Congratulations! All your years of hard work have paid off. You’ve finally gotten into medical school.
Read on. We will provide information on how to appropriately commit to a medical school and how to prepare for it. Furthermore, you will get insightful advice from former MedSchoolCoach clients who are current medical students as well as our advisors.
Get ready, and good luck as you prepare for the next steps in your journey to become a physician!
Obey the AAMC Traffic Rules
After you’re done celebrating – which you should definitely do – familiarize yourself with the AAMC’s Traffic Rules so you don’t jeopardize any of your acceptances. Here are some of the main things to remember:
Beginning February 19, applicants that have an acceptance offer from one or more schools can loon to the AMCAS Choose Your Medical School Tool via the AMCAS application to designate their enrollment plans.
Are you ready to commit to your decision to enroll? Log on to the AMCAS Choose Your Medical School Tool and choose ‘Plan to Enroll.’ Applicants can only select this option for one school, so it is important they are ready to commit.
Once you select ‘Plan to Enroll,’ schools are able to see how many applicants have committed, giving them the ability to extend additional offers to other candidates.
Students may commit to their plan from February 19 to April 29.
Beginning April 30, applicants can now select ‘Commit to Enroll.’ Selecting this option indicates that an applicant is firmly committed to attend this school and has withdrawn other offers.
Applicants must still communicate directly with the school(s) where they have received an acceptance to confirm the acceptance based on the school’s specific policies. The AMCAS Choose Your Medical School Tool does not make this notification for you.
Applicants must also withdraw directly from schools they do not wish to attend. The AMCAS Choose Your Medical School Tool does not make these notifications.
After April 30, schools limit time to respond to acceptance offers to 5 days under normal timing, and just 2 days if the matriculation is within 30 days.
Once you select ‘Commit to Enroll,’ schools open up admission slots to other applicants and fill their class accordingly.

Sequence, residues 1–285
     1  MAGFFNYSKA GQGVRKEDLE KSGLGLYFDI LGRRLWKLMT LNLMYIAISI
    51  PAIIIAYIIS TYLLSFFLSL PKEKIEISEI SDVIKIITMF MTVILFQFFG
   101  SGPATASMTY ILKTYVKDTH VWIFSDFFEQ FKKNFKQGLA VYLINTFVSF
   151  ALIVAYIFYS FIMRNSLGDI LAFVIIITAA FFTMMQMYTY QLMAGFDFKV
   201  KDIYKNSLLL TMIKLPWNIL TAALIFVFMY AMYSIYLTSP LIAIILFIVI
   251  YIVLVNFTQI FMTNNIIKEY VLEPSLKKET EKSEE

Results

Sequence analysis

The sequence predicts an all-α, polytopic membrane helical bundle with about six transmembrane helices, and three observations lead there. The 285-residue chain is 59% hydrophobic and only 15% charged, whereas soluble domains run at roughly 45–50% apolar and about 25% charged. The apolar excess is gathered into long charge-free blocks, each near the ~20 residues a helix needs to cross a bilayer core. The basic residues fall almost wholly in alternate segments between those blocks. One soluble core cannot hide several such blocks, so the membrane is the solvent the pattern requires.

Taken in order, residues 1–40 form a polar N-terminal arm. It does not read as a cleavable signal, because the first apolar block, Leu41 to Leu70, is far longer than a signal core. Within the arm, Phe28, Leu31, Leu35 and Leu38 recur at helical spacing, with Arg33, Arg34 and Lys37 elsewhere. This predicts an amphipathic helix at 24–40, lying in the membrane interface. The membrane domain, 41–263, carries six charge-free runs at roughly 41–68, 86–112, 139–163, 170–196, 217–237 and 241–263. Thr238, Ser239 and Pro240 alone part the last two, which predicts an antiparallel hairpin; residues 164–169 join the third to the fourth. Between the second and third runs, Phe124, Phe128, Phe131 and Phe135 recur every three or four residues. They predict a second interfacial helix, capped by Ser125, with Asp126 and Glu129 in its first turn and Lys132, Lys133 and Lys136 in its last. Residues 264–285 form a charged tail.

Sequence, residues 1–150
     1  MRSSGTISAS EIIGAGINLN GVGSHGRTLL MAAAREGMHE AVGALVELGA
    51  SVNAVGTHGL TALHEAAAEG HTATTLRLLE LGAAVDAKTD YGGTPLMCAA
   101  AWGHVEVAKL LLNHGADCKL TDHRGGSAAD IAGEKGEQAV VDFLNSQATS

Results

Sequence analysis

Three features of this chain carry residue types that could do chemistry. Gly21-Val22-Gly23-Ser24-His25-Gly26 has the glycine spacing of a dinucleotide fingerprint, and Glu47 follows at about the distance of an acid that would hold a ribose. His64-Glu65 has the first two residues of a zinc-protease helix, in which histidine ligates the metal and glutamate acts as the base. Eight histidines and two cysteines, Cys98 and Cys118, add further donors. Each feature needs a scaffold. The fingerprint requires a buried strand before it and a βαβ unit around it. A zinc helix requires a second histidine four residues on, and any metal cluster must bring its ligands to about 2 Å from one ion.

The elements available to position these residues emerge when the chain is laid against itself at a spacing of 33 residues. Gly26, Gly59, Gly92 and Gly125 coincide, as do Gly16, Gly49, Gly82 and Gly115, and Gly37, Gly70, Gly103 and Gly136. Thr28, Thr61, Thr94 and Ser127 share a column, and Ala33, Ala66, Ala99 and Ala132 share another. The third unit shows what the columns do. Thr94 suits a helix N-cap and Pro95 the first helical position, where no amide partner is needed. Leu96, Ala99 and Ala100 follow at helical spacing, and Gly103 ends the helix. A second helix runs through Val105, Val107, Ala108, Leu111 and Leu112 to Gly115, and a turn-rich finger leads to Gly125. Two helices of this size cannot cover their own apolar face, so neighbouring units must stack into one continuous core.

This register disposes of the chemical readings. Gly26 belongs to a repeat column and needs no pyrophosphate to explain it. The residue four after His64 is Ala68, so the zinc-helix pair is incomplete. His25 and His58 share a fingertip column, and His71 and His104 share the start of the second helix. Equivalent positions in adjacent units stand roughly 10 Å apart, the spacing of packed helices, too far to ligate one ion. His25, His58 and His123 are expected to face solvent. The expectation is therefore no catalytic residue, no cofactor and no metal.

If you are a Texas resident, you need to familiarize yourself with the TMDSAS match.
TMDSAS administers a matching process for all Texas resident medical applicants. Essentially, the TMDSAS Match is conducted to confirm the pre-match offers that some applicants may be holding and fill the remaining open slots for the medical schools. Applicants that have not received pre-match offers can still match to a school where they have interviewed. Applicants holding a pre-match offer can match to a school that they ranked higher than their pre-match offer school even if they did not receive a pre-match from the higher ranked school. Any applicants holding multiple pre-match offers will come out of the match with one acceptance.
Eligible applicants rank all schools at which they interviewed according to their preference for attendance. Deadline for applicant match ranking is February 19. The medical schools then submit to TMDSAS their ranked lists of the applicants they have interviewed. TMDSAS then matches applicants with their highest preference school in which they were also in the match range for the school’s list. The results of the Match are announced each year on March 5.
Applicants are still eligible to receive alternate offers from schools they ranked higher on their list than the match offer they received, if any.
If you are not a Texas resident but applied to medical schools in Texas, you will not be included in the match process.
If you received more than 1 medical school acceptance and are trying to determine your top choice, take advantage of each medical school’s “second look.” This is only an option occasionally, and in 2021, it could likely be virtual. Still, it is highly recommended.
This is a great opportunity to get a more in-depth understanding of the school by interacting with and asking questions to the students, faculty and staff.
This is a great time to ask more detailed questions about:
A medical school coach can help you answer some of these tough questions.
Once you’ve figured out where you will be spending the next four years of your life, you may have some free time before the start of medical school.
If so, what should you do? Should you begin to prepare for medical school to get a leg up on your studies? Perhaps. But keep in mind that once medical school begins, you will be extremely busy with little free time. This will only intensify once you match into a residency program.
Therefore, you may wish to take advantage of this unique free time to do non-medically related activities.
Read a book. Take a vacation. Volunteer. Learn a new language. Delve into a hobby. Spend time with your friends and family. Do whatever floats your boat!
While you’re enjoying your time before the start of medical school, take care of your critical logistics to make sure that your transition to medical school goes as smoothly as possible.